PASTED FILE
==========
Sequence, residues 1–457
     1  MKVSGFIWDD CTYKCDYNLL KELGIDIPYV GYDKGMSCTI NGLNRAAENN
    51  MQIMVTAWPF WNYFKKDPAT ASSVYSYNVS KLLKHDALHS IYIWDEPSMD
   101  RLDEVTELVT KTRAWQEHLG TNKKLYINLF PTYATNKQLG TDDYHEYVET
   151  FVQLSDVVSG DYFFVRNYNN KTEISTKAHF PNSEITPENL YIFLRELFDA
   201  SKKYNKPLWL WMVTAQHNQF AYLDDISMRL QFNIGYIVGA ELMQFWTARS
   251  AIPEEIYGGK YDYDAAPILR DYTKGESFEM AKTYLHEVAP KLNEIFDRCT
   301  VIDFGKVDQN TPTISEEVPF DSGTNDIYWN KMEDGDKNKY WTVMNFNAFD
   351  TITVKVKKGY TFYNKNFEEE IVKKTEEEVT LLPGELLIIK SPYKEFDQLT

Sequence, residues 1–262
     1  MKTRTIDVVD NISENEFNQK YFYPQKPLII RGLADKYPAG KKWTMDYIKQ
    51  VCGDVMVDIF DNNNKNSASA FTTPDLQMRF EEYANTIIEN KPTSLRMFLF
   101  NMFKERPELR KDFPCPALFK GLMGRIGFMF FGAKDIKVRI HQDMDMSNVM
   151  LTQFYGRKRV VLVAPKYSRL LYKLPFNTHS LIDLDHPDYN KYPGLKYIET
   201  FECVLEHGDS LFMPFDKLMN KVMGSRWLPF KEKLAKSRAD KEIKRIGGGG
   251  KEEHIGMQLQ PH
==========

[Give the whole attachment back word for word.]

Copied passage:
Sequence, residues 1–457
     1  MKVSGFIWDD CTYKCDYNLL KELGIDIPYV GYDKGMSCTI NGLNRAAENN
    51  MQIMVTAWPF WNYFKKDPAT ASSVYSYNVS KLLKHDALHS IYIWDEPSMD
   101  RLDEVTELVT KTRAWQEHLG TNKKLYINLF PTYATNKQLG TDDYHEYVET
   151  FVQLSDVVSG DYFFVRNYNN KTEISTKAHF PNSEITPENL YIFLRELFDA
   201  SKKYNKPLWL WMVTAQHNQF AYLDDISMRL QFNIGYIVGA ELMQFWTARS
   251  AIPEEIYGGK YDYDAAPILR DYTKGESFEM AKTYLHEVAP KLNEIFDRCT
   301  VIDFGKVDQN TPTISEEVPF DSGTNDIYWN KMEDGDKNKY WTVMNFNAFD
   351  TITVKVKKGY TFYNKNFEEE IVKKTEEEVT LLPGELLIIK SPYKEFDQLT

Sequence, residues 1–262
     1  MKTRTIDVVD NISENEFNQK YFYPQKPLII RGLADKYPAG KKWTMDYIKQ
    51  VCGDVMVDIF DNNNKNSASA FTTPDLQMRF EEYANTIIEN KPTSLRMFLF
   101  NMFKERPELR KDFPCPALFK GLMGRIGFMF FGAKDIKVRI HQDMDMSNVM
   151  LTQFYGRKRV VLVAPKYSRL LYKLPFNTHS LIDLDHPDYN KYPGLKYIET
   201  FECVLEHGDS LFMPFDKLMN KVMGSRWLPF KEKLAKSRAD KEIKRIGGGG
   251  KEEHIGMQLQ PH